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  • Writer's pictureboardgameoverlord

Can a game really bring together so many mechanisms successfully?

Updated: Oct 15, 2023

Hegemony in the late Han dystany, Rising of Heroes. Brings together hand management, resource production, area control. Well the real question is does it?

At first glance, the artwork on the box had me! I'm a big sucker for anything that has this level of artwork with a Feudal Japan style. But, and there's a big but, the gameplay itself doesn't carry across.

I did really like the battle mechanism, of comparing attributes, essentially you commit units and cards, reveal an area card and you're comparing on those 3 attributes. Which I thought was something new and added a level of needing to balance armies with generals and strategy cards. But there are some region's with a fan icon where a d12 roll off decides the fate of battle, which just doesn't fit! And losing a battle can inflict you with negative effects until you get the resources to pay them off.

Sadly, I'm struggling to draw much else from this. I'm pretty confident there is a game here, that has been lovingly created but it needs a rules refresh, and review. And there's so much iconography here!!

E.g. the rulebook refers to the players as he throughout, and uses interchangeable names for components, which means during setup you'll be asked to setup tokens which are referred to something else later on in the rulebook, and in another example states how you can use a type of card, but not how to get one of those cards or where they go during setup.

There's also a big reliance on using d6 to determine the actions you can take across the 12 rounds, which on the face of it. Is okay, but when there's no way to change the dice faces and you roll a pile of 5's followed by a pile of 4's that's two rounds out of 12, where I've not been able to take 4 other potential actions. While my opponent had a spread of actions. Now the number of dice e.g. 5 5's means your recruitment action is stronger, but I'm not convinced having 4 different actions is balanced by having one slightly stronger action. There's also some forced movement and battle after player actions, which seem a bit funky, but I get that they are trying to encourage players not to hold back and replicate the back and forth between dystanys. But that action selection means you could lose a battle, need resources to pay off the penalty and not actually roll the relevant action for a few rounds to gather resources (which resource you gather is then determined by a random card draw). And across a total of 12 rounds (at 2 players) that ongoing negative penalty could be pretty hampering.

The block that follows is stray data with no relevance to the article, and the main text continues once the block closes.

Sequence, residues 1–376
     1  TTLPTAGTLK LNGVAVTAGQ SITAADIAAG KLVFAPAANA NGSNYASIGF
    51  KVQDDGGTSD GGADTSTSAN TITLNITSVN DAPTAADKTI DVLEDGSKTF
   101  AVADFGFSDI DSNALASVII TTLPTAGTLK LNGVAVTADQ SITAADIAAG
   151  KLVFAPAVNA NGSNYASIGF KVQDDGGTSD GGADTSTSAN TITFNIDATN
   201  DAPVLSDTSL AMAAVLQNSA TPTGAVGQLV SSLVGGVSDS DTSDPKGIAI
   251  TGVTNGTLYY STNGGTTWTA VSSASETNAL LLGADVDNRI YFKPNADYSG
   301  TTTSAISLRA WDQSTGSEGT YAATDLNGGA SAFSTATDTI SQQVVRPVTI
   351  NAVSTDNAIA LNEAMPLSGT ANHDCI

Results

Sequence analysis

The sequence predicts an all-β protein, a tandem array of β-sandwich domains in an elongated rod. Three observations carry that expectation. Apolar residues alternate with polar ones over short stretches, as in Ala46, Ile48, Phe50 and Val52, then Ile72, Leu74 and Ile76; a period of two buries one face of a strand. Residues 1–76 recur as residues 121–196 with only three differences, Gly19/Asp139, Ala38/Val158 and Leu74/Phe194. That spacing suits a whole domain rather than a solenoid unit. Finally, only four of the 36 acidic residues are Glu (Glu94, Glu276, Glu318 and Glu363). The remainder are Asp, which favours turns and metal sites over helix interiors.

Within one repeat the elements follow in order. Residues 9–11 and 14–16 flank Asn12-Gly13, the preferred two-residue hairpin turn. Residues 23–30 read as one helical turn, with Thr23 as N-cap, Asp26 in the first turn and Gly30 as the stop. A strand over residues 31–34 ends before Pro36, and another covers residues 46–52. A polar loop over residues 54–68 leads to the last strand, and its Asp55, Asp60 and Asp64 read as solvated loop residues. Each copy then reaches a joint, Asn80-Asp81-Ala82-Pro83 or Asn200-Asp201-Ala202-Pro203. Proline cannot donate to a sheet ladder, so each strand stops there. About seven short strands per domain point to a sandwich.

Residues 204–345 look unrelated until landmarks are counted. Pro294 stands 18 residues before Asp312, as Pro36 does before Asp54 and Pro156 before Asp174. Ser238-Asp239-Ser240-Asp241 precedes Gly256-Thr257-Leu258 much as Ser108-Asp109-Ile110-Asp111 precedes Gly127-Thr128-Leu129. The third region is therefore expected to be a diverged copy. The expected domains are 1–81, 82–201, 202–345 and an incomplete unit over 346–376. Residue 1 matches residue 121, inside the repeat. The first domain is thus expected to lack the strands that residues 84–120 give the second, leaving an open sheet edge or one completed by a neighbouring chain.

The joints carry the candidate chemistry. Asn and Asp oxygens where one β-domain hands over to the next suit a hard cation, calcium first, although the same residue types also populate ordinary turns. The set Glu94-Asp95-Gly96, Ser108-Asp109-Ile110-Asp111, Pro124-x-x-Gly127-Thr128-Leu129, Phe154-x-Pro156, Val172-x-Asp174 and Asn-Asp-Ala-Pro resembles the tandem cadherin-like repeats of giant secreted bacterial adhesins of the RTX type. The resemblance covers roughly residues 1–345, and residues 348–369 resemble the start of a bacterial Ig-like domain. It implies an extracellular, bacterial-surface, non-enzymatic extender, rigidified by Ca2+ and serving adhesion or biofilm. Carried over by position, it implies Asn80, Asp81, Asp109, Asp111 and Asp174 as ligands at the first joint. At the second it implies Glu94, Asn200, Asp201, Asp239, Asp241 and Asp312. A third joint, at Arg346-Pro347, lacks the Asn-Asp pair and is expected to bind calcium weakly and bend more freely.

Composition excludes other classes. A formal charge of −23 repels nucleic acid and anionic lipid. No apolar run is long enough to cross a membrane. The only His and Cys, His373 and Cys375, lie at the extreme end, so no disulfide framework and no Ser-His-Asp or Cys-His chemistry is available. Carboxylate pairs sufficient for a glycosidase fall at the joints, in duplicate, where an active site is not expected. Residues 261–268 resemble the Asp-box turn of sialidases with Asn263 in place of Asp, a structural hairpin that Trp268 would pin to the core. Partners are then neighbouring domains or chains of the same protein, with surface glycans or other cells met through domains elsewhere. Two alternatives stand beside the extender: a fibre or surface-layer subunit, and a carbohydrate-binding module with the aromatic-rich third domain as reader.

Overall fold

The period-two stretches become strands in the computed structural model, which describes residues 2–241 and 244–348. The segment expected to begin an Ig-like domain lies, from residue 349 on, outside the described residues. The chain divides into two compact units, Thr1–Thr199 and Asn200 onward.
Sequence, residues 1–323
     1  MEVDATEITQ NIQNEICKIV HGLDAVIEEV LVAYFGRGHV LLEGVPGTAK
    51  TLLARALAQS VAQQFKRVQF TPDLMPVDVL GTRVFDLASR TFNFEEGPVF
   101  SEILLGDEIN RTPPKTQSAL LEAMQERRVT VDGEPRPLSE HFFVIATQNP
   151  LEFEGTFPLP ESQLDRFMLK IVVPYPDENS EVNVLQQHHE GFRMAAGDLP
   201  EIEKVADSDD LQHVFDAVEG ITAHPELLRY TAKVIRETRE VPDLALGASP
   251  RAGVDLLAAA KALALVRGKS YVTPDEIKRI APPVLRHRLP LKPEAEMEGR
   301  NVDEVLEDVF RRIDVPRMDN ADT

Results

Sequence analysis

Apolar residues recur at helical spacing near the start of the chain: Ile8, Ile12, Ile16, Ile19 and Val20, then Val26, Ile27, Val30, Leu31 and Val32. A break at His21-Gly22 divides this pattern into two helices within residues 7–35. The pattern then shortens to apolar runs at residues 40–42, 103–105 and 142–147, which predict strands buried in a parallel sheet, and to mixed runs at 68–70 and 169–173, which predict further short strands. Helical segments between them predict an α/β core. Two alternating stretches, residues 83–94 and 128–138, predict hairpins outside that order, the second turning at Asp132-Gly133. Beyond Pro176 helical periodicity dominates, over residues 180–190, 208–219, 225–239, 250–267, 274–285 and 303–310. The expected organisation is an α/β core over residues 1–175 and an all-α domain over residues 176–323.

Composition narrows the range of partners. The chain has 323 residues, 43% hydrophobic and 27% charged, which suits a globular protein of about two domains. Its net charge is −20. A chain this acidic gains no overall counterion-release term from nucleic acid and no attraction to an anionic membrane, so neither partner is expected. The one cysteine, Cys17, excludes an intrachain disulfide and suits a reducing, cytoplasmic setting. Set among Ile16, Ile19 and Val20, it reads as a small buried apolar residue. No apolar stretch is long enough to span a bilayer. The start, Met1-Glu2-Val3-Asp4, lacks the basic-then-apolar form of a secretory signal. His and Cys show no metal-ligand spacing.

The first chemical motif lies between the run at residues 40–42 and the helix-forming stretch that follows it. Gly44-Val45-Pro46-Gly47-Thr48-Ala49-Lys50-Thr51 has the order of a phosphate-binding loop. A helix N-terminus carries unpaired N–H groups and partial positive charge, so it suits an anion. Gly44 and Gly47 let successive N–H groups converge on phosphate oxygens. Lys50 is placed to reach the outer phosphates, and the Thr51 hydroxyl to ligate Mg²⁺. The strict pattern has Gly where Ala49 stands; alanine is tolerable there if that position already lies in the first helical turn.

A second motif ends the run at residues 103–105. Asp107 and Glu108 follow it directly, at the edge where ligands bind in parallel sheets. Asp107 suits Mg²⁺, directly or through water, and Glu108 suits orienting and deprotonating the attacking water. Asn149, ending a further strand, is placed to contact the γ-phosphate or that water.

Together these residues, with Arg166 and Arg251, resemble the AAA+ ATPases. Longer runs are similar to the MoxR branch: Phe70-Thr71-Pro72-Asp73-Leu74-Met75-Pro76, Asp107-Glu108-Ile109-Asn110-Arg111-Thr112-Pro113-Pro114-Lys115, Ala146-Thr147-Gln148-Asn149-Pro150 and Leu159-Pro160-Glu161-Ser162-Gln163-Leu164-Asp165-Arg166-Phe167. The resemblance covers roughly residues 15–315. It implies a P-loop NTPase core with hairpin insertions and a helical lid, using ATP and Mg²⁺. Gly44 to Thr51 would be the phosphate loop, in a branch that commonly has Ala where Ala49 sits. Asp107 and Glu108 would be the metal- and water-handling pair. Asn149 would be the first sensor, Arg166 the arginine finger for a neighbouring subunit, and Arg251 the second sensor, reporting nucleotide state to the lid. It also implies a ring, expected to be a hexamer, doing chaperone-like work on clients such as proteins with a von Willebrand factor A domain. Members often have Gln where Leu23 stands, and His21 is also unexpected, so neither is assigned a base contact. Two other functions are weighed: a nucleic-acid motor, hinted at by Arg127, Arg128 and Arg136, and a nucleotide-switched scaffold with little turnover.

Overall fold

The publisher did take all the feedback on board, and are reviewing their rulebook etc. I've agreed to take another look once it's gone through that process. But until then I can't really recommend this game!

Disclaimer: I was sent this game to play and was then repeatedly requested to turn the review and a video (which I haven't done) around in a week or two, which was not explained up front, when agreeing to try the game, I wasn't paid for this content and am posting the game onto another content creator.

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